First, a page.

Mandatum novum do vobis: A new commandment I give to you
“It took ages,” says Michael. He is one of a group of youth, who re-enacted the washing of the feet on Maundy Thursday. “I thought it would go a lot faster.” We can draw lessons from this all the more.
John is the only gospel which carries the account of Jesus washing His disciples’ feet. John mentions it in the context of Jesus’ so-called farewell discourse. The Master is preparing Himself for His crucifixion. Before, however, He wants to set an example and show His disciples some important things. They will need it when He is no longer with them.
“Amazing Grace” resounds in a silent church
The youth have written a kind of script. Twelve of them are sitting on the bottom step of the altar. Twelve because it is a significant number and stands for the twelve disciples. Four others have agreed to do the actual washing of the feet.
Water is poured from copper vessels into a bowl and twelve towels are distributed. Those sitting on the steps of the altar take off their shoes and socks. Their feet are sprayed with water, then water is poured over them, and finally they are dried. Twelve left and twelve right feet: baring the feet, washing them, drying them, and putting the socks and shoes back on.
This is how they come together: those who are having their feet washed and those doing the washing. The other young members from the district are sitting in the church watching the scene. They are very quiet. Nobody says a thing. A young woman sings “Amazing Grace”. Andreas accompanies her on the keyboard.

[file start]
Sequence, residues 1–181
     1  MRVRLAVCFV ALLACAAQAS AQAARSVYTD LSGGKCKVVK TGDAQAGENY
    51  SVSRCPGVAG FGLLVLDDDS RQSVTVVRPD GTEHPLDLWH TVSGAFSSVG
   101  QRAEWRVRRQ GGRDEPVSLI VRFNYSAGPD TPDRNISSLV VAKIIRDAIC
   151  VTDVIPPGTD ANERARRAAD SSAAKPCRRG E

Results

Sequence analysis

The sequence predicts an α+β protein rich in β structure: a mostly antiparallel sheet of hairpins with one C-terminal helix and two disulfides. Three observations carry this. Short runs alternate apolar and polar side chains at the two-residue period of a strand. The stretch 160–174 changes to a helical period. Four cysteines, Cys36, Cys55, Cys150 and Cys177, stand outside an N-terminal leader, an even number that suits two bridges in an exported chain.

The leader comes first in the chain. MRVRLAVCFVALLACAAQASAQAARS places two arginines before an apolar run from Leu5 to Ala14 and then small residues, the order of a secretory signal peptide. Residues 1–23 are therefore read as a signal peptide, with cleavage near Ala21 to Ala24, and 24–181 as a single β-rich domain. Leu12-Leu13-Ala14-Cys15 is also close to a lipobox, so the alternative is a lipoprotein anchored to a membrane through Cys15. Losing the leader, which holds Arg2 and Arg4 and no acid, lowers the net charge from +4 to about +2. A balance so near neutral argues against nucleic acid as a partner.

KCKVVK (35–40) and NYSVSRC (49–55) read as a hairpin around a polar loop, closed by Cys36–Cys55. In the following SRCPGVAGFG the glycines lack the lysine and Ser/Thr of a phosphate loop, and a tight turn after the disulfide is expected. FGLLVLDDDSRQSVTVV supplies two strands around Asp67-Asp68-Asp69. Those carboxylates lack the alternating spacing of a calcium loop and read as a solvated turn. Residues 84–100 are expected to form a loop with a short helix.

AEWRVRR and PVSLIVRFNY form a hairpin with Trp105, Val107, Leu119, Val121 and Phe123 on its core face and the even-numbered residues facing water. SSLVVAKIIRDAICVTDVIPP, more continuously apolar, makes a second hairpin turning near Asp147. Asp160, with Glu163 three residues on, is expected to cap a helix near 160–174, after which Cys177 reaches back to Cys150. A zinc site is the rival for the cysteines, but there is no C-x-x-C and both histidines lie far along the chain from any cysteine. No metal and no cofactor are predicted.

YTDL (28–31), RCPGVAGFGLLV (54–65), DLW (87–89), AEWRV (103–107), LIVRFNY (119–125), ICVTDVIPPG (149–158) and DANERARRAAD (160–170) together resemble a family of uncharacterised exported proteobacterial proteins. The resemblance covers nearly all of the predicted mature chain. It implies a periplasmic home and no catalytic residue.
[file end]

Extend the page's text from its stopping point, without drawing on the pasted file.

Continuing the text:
“It took about ten minutes,” the young people say. “It blows your mind!” The re-enactment is followed by reflection and what the actual deep sense of this event in the gospel of John is.
Hospitality and symbolic act
In antiquity, hospitality was something that was highly valued. The host would hand the visitor something to drink and to eat and washed his feet. They were dirty from the long journey. Sturdy footwear as we know it today did not exist then. Only sandals with wooden or leather soles. The washing of the feet was therefore a common hygienic practice.
Even if this is very remote for us today from a cultural aspect, this act has two implications for us as Christians today.
First of all Jesus kneeled to wash His disciples’ feet. We are to do the same and serve each other: “Mandatum novum do vobis – a new commandment I give to you!” This new mandate of peace reads as follows: Those who serve others will not deceive them or badmouth them or yell at them or do a number on them. It is better to serve than to dominate. And it is better to love than to oppress.
On our pilgrimage through this world our feet of faith become dirty. Sure, we have been cleansed through the washing of rebirth. The most essential aspect has been taken care of, but: “He who is bathed needs only to wash his feet, but is completely clean; and you are clean, but not all of you” (John 13: 10). This shows us that regular cleansings are important so that all the dirt and dust we have gathered on our way is washed off.
Here are two thoughts to take along: the call to serve our neighbour every day; and the reference to the renewed cleansing through the forgiveness of sins in divine service.